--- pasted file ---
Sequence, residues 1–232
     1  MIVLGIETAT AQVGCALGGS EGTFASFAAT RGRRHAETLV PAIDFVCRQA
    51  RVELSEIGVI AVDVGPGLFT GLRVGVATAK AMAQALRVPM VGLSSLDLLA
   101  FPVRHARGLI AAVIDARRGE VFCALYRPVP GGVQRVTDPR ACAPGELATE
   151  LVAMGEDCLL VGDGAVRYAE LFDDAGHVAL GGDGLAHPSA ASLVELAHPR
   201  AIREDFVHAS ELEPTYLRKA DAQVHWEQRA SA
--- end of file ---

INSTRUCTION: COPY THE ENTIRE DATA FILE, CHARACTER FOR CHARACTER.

Sequence, residues 1–232
     1  MIVLGIETAT AQVGCALGGS EGTFASFAAT RGRRHAETLV PAIDFVCRQA
    51  RVELSEIGVI AVDVGPGLFT GLRVGVATAK AMAQALRVPM VGLSSLDLLA
   101  FPVRHARGLI AAVIDARRGE VFCALYRPVP GGVQRVTDPR ACAPGELATE
   151  LVAMGEDCLL VGDGAVRYAE LFDDAGHVAL GGDGLAHPSA ASLVELAHPR
   201  AIREDFVHAS ELEPTYLRKA DAQVHWEQRA SA